Psoriasis an independent Risk Factor of Venous Thromboembolism; A Case Report
Waleed Sadiq, Madeeha Subhan
Correspondence Address :
Department of Medicine, Capital Hospital Islamabad
House officer, Ayub Medical College
Received on: November 27, 2017, Accepted on: December 04, 2017, Published on: December 11, 2017
Citation: Waleed Sadiq, Madeeha Subhan (2017). Psoriasis an independent Risk Factor of Venous Thromboembolism; A Case Report
Copyright: 2017 Madeeha Subhan, et al. This is an open-access article distributed under the terms of the Creative Commons Attribution License, which permits unrestricted use, distribution, and reproduction in any medium, provided the original author and source are credited.
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People with psoriasis may have an increased risk for venous thromboembolism (VTE). Recently there has been considerable interest in whether systemic inflammation plays role on development of thromboembolism as inflammation is associated with a procoagulant state .Several recent studies demonstrated psoriasis as an increased thromboembolic risk factor among patients though the results were fairly heterogeneous. We present to you a case of psoriasis who developed thromboembolism in right lower leg.
Moderate to severe psoriasis is associated with a higher incidence of cardiovascular risk factors such as diabetes mellitus, obesity, smoking, and the metabolic syndrome [1,2]. Psoriasis patients with longstanding skin lesions suffer increased morbidity and mortality . There has been an active inquiry that whether psoriasis has been associated with an increased venous thromboembolic risk .Case Presentation
An 80 year old male with past medical history of psoriasis vulgaris, deep vein thrombosis and anxiety presented to emergency department with two days history of swelling and pain in both lower extremities. These complaints started suddenly. The pain was burning in nature, localized to lower legs with no radiation. Movement aggravated the pain and rest relieved it. The pain was more prominent in the right lower leg. Patient tried over the counter analgesics which did not help. This pain was accompanied by swelling and warmth. There was no recent history of trauma, travel, immobilization or fever. He had no family history of thromboembolism. He weighed 65 kilograms and had an active lifestyle. Review of system was positive for anxiety andconstipation.And it was negative for dizziness, shortness of breath, chest pain and palpitations. Past medical history is significant for psoriasis vulgaris for 10 years which is being treated with topical clobetasol and an episode of deep vein thrombosis that occurred 1 year back and was treated with warfarin for 6 months. In the social history, patient is a retired gardener and is married with 4 children. He is a nonsmoker and nonalcoholic. His current medications include Alprazolam,lactulose and Naproxen. On examination, patient was vitally stable. There was visible plaque psoriasis involving elbows, lower back and knees. Both lower extremities were exquisitely tender to touch, there was visible swelling and they were warm. Flexion and extension of foot was limited due to pain. Homan's sign was positive on the right side. Pulses were palpable bilaterally in lower extremities. Cardiovascular and Respiratory exam was unremarkable. On abdominal exam there was no hepatosplenomegaly or tenderness and bowel sounds were present. Suspicion of deep vein thrombosis was high so patient was admitted and after appropriate investigations was started on anticoagulation with heparin. Since it was his second episode of unprovoked deep vein thrombosis, thrombophilia panel was ordered which came back negative. Patient was subsequently shifted onto oral Warfarin and he improved.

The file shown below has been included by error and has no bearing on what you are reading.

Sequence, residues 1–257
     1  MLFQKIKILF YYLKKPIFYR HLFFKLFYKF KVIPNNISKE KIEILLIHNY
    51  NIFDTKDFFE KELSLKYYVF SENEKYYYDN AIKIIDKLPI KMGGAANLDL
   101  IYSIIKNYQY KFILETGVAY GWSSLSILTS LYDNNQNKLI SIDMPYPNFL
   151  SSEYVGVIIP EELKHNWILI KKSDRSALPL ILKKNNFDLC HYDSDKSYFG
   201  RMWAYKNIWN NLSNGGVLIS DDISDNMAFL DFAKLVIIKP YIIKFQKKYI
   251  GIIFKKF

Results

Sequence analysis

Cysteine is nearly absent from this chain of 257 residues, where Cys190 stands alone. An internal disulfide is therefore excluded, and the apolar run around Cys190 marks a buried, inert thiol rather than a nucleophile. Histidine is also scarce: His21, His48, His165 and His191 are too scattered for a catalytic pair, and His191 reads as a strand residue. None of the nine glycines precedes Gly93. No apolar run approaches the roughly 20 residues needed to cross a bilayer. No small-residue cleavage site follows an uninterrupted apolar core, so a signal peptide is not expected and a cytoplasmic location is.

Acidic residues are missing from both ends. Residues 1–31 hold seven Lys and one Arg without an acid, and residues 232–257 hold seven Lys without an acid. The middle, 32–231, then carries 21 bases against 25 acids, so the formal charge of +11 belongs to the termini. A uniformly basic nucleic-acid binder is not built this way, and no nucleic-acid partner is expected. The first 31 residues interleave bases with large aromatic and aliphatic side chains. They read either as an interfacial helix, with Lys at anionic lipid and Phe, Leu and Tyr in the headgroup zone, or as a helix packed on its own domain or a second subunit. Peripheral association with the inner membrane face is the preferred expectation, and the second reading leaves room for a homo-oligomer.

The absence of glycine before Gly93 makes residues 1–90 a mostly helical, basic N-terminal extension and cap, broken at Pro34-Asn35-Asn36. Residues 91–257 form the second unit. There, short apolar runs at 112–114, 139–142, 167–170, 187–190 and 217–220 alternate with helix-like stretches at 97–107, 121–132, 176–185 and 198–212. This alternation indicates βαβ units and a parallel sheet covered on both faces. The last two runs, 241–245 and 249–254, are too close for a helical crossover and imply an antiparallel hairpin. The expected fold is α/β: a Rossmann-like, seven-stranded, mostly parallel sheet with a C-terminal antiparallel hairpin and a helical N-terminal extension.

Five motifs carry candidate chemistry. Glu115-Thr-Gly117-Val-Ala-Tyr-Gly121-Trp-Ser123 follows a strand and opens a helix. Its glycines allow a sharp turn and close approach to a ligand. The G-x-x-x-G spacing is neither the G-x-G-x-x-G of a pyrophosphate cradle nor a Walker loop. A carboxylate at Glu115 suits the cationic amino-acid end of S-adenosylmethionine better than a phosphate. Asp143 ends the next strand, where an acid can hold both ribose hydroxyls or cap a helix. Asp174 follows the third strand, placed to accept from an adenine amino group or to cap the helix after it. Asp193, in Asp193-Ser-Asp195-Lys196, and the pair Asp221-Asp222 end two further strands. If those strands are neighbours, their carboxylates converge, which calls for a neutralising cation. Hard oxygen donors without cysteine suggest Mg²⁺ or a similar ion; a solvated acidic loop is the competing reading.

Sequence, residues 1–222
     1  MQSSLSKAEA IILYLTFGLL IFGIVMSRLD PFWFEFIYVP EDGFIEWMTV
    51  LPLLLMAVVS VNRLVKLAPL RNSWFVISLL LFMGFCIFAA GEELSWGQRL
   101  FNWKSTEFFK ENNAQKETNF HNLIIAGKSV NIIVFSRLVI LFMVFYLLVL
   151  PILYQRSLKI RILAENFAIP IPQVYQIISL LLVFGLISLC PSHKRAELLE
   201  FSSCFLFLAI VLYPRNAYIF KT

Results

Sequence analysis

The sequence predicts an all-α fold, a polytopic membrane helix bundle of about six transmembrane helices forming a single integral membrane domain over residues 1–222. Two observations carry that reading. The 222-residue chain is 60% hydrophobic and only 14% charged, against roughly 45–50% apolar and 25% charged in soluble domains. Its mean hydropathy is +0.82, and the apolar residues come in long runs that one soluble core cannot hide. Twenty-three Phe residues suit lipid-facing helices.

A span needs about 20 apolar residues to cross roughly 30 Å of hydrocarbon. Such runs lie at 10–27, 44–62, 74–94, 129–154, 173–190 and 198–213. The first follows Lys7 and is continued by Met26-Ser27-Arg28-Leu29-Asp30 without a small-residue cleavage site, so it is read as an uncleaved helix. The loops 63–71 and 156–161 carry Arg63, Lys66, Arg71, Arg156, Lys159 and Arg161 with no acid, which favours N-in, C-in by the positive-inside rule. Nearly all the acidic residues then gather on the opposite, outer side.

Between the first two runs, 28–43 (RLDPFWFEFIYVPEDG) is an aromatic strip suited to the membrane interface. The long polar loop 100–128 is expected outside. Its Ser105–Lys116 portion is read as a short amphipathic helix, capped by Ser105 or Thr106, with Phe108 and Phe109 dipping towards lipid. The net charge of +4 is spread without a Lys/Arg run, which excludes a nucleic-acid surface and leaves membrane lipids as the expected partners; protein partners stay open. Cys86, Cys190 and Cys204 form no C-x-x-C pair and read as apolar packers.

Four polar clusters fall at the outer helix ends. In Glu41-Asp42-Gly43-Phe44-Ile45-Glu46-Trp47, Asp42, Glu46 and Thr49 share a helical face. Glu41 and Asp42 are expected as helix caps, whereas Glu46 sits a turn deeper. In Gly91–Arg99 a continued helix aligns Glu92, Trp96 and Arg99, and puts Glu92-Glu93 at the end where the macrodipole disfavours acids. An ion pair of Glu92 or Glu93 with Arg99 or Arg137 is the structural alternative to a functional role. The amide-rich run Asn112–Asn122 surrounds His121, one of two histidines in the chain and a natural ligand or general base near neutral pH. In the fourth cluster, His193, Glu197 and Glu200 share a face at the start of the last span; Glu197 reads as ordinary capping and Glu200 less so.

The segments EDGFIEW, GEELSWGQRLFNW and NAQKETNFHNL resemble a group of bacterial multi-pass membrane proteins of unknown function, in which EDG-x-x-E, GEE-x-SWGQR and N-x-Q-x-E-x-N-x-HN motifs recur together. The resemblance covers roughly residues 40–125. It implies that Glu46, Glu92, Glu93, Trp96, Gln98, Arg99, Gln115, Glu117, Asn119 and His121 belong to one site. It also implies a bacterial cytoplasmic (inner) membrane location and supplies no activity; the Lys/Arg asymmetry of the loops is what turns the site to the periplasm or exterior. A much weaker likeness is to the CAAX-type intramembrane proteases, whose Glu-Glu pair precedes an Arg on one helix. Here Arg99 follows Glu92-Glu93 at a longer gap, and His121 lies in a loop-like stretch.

A diagnosis of psoriasis was associated with a 40% increased risk of incident thromboembolism. These results corroborate with this case report which has suggested that psoriasis is associated with increased thromboembolic risk. Autoimmune disorders leads to chronic inflammation that promote the coagulation cascade impair the anticoagulation pathway and inhibit the fibrinolytic process [4-6]. The Danish manuscript has the strongest study design among the three manuscripts that were published in 2011 exploring the relation between psoriasis and VTE [3,7,8]. Individuals with moderate and severe psoriasis are also at elevated risk of atherosclerotic cardiovascular disease [9,10].
To conclude, the present case report suggests a relation between chronic, systemic inflammation and risk of venous thromboembolism, and suggests that patients with even mild to-moderate psoriasis may be at an elevated risk of a thromboembolic event. Until further evidence is available, all patients with moderate to severe psoriasis may be considered to be at a higher risk of venous thromboembolism and managed accordingly. Further research and interventions to adequately screen for and optimally manage venous thromboembolism are also warranted.
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